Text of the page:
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Alabama: suit filed to block enforcement of law on campaign contributions

The Birmingham News reports: A 15-year-old Alabama law that says judges should not hear cases in which one of the parties donated at least $2,000 to their campaigns has never been enforced, locked in a stalemate over whether it first needs to be reviewed by the U.S. Department of Justice for evidence that it would not disenfranchise minorities.

A lawsuit filed this week in Washington by an Anniston City Council member tries to settle the question, but it also raises more questions about how an act of the Alabama Legislature can essentially be ignored for so long.

The 1995 law says that a circuit judge who received at least $2,000 from one of the people involved in the case -- or $4,000 for an appellate judge -- must recuse himself in order to avoid the "appearance of impropriety."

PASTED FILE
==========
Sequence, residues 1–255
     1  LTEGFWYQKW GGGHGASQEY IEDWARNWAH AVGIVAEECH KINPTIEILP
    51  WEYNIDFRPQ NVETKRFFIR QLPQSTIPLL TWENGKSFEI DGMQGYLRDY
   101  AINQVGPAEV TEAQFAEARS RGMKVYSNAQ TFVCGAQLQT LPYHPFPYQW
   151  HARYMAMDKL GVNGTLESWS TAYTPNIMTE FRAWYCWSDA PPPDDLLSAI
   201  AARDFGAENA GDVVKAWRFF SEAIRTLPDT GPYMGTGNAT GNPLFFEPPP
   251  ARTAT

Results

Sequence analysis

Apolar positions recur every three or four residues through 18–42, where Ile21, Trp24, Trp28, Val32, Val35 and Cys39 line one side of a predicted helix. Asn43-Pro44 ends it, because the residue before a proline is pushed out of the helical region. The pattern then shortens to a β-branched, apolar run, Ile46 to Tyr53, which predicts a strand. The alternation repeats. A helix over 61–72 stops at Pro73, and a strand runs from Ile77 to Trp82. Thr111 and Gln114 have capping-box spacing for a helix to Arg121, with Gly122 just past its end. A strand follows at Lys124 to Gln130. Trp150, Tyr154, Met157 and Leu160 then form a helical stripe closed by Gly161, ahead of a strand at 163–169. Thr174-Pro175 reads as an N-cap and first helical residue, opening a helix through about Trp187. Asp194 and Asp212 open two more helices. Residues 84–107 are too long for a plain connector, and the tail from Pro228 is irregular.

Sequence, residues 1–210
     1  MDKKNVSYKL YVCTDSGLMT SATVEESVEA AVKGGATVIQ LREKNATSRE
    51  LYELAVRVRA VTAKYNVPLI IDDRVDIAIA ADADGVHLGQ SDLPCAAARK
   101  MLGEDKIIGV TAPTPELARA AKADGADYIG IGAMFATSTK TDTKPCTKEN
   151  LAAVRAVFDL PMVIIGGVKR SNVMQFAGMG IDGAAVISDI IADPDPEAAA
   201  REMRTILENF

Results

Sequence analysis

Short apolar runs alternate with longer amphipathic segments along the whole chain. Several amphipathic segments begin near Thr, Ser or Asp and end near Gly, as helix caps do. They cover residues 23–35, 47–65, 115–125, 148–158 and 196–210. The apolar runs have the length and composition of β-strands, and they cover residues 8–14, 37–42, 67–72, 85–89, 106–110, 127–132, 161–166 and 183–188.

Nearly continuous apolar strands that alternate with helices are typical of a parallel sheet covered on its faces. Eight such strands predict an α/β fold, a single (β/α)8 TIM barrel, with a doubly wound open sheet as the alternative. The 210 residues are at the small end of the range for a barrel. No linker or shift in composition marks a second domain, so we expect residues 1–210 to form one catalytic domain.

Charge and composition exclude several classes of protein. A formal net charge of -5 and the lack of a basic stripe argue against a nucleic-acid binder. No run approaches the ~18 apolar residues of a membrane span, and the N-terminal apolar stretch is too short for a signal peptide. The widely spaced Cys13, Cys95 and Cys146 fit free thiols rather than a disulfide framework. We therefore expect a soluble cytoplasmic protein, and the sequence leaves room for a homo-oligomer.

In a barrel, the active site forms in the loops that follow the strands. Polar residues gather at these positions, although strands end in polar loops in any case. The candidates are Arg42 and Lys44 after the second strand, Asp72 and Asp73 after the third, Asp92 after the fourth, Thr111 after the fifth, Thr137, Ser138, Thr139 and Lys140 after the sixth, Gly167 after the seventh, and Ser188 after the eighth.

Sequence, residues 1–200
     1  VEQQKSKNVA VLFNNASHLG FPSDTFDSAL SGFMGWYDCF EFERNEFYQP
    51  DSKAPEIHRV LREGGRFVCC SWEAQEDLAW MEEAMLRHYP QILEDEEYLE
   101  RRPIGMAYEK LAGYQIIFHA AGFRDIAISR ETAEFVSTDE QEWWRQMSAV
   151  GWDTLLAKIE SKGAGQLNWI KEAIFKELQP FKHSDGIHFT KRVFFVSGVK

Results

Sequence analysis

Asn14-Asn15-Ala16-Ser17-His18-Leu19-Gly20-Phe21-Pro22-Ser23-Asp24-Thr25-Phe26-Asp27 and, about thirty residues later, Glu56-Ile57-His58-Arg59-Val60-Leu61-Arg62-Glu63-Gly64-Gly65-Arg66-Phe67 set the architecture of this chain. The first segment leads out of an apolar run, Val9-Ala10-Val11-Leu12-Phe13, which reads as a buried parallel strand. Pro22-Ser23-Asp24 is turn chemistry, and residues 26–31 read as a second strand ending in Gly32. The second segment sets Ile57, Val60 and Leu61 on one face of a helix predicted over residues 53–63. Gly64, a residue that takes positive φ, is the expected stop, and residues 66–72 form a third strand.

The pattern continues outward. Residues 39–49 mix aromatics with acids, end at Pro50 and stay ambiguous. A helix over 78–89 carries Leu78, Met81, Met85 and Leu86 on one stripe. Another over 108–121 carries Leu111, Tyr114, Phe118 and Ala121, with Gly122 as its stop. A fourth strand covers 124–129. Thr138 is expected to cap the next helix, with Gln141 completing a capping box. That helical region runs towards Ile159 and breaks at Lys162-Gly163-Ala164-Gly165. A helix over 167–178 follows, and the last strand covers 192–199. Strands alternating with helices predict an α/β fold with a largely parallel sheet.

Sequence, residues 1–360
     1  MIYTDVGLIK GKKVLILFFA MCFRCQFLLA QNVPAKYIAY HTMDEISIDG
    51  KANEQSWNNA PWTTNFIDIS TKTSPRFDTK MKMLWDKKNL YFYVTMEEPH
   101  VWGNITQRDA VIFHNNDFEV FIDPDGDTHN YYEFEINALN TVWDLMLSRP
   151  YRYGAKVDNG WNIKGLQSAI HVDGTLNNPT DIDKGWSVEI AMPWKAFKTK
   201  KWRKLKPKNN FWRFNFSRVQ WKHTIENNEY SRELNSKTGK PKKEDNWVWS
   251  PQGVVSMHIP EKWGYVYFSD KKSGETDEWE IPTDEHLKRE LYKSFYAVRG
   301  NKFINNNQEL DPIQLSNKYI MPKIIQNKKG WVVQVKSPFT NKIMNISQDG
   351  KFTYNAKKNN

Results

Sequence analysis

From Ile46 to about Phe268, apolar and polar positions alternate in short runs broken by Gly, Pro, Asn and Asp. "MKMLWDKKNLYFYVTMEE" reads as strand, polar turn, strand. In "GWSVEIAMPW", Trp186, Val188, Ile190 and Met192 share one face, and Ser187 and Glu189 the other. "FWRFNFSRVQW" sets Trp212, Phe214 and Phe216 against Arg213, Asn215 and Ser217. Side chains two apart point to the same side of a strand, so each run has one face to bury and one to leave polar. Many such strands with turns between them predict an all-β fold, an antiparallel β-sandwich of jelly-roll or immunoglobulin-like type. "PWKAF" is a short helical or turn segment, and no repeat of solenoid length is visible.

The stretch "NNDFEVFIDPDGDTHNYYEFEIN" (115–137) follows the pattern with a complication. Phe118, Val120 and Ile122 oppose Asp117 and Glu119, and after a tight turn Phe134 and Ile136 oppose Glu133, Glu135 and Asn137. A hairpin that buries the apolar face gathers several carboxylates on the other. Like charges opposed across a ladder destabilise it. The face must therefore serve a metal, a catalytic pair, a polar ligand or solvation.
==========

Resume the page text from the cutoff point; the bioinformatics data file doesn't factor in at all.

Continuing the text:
Soon after it was passed, the Alabama attorney general's office submitted the law to the Department of Justice, which normally reviews all changes to Alabama's election laws under Section 5 of the Voting Rights Act. But before the Justice Department could make a decision, the attorney general at the time, Jeff Sessions, withdrew the request for review and notified Washington that the state would enforce the new law and that it didn't need preclearance from the DOJ. -- Read the whole story --> Lawsuit seeks Justice Department review of unenforced 15-year-old state law | al.com

A copy of the complaint is shown below:

Little v. King Complaint

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